• Italian Quattrocento Architecture
      • Brunelleschi, Santo Spirito, Florence
      • Early Christian basilica
      • Unfluted Corinthian columns
      • Flat coffered ceiling
      • Floor has square patterns that divide up the space mathematically
      • Added impost blocks for height
      • Width of nave equals height of nave arcade
      • Florentines thought geometric precision could decode the mysteries of the universe
      • Light, airy, open
    • Italian Quattrocento Architecture
      • Michelozzo, Palazzo Medici, Florence
      • Three horizontal levels
      • 1st story: rough cut, rusticated stone, Roman fortress like, used for shops and businesses; later the arches were filled in; fortitude of inhabitants implied
      • 2nd story: smooth cut blocks, family quarters
      • 3rd story: smooth surface
      • Heavy cornice to limit vision and imply sense of strength
      • Façade does not support building, working towards a curtain wall
      • Modern bank image comes from this building
    • Italian Quattrocento Architecture
      • Alberti, Sant’Andrea, Mantua
      • Combination of Roman triumphal arch with antique temple front
      • Pairs of giant pilasters, topped by Corinthian capitals, support pediment
      • Large barrel vault that rises above the façade
      • Size of façade dictated by the small plaza in front of church: Alberti could not change width—bell tower on one side, the plaza on the other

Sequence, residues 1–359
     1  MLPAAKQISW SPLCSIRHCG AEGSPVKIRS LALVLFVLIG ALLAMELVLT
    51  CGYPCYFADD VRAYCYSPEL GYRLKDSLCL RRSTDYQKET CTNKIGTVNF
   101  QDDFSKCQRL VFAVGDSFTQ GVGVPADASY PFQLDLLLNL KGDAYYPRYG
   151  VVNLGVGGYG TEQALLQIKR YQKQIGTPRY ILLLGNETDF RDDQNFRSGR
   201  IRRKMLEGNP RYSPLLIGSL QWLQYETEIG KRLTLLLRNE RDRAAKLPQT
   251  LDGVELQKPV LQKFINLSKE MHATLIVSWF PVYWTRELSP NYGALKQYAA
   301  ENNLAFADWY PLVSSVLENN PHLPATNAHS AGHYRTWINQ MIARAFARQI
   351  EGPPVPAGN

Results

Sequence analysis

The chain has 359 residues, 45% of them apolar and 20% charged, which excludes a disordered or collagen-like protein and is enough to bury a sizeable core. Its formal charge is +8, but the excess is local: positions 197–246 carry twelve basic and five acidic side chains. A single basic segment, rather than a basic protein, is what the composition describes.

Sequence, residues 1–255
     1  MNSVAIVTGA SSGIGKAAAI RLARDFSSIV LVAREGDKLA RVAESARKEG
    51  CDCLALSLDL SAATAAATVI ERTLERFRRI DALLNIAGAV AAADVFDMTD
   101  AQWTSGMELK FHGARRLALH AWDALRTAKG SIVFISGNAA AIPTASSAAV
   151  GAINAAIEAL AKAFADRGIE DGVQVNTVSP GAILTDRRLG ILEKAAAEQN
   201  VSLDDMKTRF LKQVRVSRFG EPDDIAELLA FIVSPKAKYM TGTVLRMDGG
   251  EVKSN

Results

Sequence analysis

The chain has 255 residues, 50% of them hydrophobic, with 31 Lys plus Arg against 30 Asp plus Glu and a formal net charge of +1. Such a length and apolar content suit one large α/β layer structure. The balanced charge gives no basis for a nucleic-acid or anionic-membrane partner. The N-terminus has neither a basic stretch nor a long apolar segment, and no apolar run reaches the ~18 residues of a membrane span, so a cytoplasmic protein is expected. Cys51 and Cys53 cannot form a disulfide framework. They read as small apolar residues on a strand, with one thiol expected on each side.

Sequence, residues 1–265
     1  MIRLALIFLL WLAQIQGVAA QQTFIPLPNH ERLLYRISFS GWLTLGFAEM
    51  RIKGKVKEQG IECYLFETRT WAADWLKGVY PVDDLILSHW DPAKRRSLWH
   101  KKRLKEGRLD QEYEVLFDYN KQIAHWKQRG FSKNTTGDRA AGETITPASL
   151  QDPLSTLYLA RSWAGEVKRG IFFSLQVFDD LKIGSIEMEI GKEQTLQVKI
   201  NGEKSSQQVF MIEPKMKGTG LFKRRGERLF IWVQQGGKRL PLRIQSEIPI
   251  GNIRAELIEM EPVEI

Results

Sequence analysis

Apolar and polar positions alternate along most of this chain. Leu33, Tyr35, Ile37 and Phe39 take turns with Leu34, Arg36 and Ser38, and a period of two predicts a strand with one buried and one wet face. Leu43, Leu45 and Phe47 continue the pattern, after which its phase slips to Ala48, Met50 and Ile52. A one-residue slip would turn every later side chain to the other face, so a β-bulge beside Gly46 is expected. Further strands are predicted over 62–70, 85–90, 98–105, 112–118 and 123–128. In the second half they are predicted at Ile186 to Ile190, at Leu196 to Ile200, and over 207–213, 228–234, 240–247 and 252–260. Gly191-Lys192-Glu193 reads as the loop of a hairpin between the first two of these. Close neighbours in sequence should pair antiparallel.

• Alberti sought to create identical proportions of width and height
      • “ Ombrellone” seems awkward, but it creates a powerful barrel vault inside building, largest since antiquity
    • Italian Quattrocento Sculpture
      • Ghiberti, Gates of Paradise
      • Commission given to Ghiberti after the success of the second set of doors
      • Doors use a more neutral and modern rectangular shape instead of more Gothic quatrefoil
      • Expansive and harmonious use of space
      • Elegant bodies
      • Creation of a precise spatial depth
    • Italian Quattrocento Sculpture
      • Donatello, Gattamelata
      • Cast in parts; triumph of bronze casting
      • Idealized heroic portrait of a resolute commander
      • Pulsating facial muscles, heavy arches brows
      • Swelling of horse’s veins